IT MUST BE MINE – The Beach Boys (2024)

The Beach Boys (2024), Disney+ (1h53m)

Home again after a long week on the road, I hit “play” on Disney’s new Beach Boys documentary last night, hoping for acceptable background music as I scoured and cleaned the kitchen counters.

Instead, it captured my attention, pushing the housework back a full two hours.

If you’re a big Beach Boys nerd (I am not), very little in this new offering may surprise you. But as a semi-neophyte, there were plenty of crunchy bits to hold my interest.

I absolutely adore the groundbreaking “Pet Sounds” (1966), in my mind one of the great albums of all time. But I also knew it was an outlier, Beach-Boy-wise, and before last night I knew shockingly few details of the band itself. Pretty sad, considering I was once a professional music writer. In my defense, by that point in my life (the early 90s), I’d written the Beach Boys off as a hollow shell of their former selves, a Summer music festival parody of what they once were. I had little desire to dig deeper.

My bad.

As a primer, the new documentary is pretty solid, and taught me a thing or ten. Directed by Frank Marshall and Thom Zimny, it peaks about two-thirds of the way through, between “Pet Sounds” and “Smile”/”Smiley Smile.” (To be fair, so did the Beach Boys themselves.)

The documentary breaks little filmmaking ground, but the nuggets we’re given had me postpone the dishwashing ’til midnight. This may not be the highest recommendation out there, but I was – if not fascinated – at least quite interested for much of the runtime. Every time the film pivoted back to Brian Wilson’s artistic process? I was THERE.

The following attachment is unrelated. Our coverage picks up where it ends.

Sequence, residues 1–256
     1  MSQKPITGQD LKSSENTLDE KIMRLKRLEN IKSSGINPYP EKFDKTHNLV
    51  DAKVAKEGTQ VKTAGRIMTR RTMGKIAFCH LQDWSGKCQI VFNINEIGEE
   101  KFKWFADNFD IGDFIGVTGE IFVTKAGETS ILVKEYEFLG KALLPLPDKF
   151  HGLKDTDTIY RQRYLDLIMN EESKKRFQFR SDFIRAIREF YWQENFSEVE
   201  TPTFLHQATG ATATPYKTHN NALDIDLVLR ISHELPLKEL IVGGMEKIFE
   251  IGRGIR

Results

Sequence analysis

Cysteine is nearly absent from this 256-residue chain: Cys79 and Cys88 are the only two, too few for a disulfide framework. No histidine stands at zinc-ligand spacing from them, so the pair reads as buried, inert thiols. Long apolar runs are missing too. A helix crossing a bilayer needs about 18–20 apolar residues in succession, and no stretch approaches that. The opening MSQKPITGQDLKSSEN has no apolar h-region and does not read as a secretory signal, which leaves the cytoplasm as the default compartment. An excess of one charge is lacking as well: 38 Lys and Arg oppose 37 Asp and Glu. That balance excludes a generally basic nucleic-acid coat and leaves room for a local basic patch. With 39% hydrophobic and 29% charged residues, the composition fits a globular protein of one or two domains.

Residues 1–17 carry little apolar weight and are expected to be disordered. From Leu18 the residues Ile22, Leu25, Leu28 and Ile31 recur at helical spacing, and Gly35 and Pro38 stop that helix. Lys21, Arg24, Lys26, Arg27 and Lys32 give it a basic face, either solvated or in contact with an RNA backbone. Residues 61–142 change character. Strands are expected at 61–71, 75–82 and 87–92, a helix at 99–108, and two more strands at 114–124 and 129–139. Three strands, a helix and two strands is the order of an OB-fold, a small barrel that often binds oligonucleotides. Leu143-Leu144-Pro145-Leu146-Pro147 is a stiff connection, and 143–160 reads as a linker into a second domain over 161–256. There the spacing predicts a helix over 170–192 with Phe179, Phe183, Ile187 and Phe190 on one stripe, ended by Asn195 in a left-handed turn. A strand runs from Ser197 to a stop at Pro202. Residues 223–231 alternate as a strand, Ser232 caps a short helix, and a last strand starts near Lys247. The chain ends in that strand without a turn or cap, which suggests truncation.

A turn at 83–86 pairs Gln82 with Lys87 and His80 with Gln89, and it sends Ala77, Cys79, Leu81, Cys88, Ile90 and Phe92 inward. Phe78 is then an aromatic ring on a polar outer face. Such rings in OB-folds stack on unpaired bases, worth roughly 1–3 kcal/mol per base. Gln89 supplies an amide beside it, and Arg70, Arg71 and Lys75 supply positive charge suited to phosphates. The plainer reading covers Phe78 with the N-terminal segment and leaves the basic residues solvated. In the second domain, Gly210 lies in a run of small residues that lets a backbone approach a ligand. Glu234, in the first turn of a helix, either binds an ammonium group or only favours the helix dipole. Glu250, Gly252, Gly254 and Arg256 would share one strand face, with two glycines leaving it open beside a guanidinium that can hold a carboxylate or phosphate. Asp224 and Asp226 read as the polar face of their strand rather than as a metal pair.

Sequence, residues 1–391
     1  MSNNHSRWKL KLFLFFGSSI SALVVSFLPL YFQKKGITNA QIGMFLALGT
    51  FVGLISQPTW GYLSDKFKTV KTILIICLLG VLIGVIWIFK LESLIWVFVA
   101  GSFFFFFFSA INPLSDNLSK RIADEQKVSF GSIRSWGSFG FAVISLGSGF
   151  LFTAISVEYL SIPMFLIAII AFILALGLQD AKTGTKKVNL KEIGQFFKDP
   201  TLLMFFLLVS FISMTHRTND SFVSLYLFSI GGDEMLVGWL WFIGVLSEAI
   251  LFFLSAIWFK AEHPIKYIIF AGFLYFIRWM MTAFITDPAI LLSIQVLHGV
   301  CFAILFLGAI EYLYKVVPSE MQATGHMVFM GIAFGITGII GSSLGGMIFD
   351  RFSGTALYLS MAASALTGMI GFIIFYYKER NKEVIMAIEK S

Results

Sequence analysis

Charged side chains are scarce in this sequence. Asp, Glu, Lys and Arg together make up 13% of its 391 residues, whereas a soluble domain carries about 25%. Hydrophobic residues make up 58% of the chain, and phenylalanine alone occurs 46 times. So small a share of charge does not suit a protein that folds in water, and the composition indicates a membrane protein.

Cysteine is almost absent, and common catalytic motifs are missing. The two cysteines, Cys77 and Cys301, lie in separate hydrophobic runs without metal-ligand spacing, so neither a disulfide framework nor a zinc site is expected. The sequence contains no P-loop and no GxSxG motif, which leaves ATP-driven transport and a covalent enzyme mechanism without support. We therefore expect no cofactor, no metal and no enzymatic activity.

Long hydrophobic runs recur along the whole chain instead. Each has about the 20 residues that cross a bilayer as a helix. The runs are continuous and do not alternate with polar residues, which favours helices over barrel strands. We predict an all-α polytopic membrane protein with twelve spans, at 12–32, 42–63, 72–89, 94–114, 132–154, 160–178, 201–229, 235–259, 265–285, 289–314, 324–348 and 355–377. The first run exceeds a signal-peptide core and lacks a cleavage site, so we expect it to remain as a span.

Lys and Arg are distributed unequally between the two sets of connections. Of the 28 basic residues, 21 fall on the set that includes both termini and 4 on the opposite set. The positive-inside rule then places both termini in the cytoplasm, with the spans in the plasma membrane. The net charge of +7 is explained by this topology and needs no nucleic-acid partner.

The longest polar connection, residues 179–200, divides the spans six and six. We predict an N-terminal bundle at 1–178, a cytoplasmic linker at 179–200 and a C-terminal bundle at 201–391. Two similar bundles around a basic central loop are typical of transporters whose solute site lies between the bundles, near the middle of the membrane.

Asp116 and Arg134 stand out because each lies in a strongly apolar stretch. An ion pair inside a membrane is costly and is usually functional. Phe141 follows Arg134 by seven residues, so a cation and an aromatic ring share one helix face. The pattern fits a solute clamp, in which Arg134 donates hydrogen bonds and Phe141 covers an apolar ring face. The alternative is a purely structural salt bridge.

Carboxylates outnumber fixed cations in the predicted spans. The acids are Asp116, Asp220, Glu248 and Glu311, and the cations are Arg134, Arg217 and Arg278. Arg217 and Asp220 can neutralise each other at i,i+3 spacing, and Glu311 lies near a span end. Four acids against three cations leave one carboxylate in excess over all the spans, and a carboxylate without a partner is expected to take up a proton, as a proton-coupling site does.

The soundtrack is unsurprising but hard to beat. There’s plenty offered about the band and its relationships that at best I only had had an inkling of. (Glen Campbell was briefly a Beach Boy? Sure…I think I remember that. Abusive Dad…yup…I know I heard about that…)

There’s an in-studio recording of Murray Wilson – Brian, Dennis and Carl’s father and the band’s first manager: drunk, angry and full of himself, it’s absolutely chilling. Brief acknowledgement is given to his physical abuse of the brothers as kids – his (literal and figurative) impact on the band being fueled by jealousy is hinted at, but left surface-shallow. Murray’s biggest F-U to the Beach Boys comes when he sells their entire catalog for a shocking $700,000: it’s estimated at half a billion, today.

Lawsuits, divorces and deaths (Dennis’ and Carl’s are footnotes in the end credits) are glossed over. Shamefully, there’s zero mention of Brian’s near-career-ending attachment to controversial therapist Eugene Landy (a rare bit of Beach Boy history that I’m actually familiar with).

Despite this, though, I kept watching.

The Beach Boys is a feel-good flick that holds the California dream-sound the band created close to its breezy heart. The staged, saccharine final scene is pure Disney, but the doc can be as sincerely upbeat, catchy, and frothy as “Darlin’,” the 70s-Pop-Before-Its-Time hit that closes the film.

Wouldn’t it be nice…if it was a bit better, though?

Three Huzzahs out of Five.

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